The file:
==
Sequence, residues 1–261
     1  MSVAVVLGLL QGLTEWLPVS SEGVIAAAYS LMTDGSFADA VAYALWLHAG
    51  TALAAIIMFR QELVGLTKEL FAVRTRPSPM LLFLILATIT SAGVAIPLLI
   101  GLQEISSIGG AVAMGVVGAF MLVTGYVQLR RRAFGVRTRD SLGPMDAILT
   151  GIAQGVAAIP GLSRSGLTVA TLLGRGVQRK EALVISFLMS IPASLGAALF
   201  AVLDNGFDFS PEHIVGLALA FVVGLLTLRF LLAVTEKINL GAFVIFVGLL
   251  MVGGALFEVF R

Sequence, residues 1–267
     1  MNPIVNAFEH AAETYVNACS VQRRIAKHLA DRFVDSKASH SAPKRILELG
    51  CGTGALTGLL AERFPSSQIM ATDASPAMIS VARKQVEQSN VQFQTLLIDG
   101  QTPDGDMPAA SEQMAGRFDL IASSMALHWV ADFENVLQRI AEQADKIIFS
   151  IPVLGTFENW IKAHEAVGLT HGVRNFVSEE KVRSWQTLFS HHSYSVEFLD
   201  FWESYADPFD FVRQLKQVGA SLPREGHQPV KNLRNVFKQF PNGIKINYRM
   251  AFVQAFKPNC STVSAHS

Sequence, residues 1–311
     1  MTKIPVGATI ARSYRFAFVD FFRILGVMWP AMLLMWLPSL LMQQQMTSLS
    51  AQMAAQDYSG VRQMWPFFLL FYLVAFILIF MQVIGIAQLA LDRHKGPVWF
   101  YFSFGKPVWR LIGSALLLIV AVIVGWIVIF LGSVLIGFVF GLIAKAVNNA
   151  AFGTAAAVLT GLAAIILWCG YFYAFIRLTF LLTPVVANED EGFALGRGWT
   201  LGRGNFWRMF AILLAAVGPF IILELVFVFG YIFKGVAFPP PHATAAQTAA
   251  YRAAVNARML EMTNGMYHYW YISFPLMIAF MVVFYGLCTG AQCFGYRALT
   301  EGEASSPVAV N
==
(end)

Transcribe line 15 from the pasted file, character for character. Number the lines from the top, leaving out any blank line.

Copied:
Sequence, residues 1–311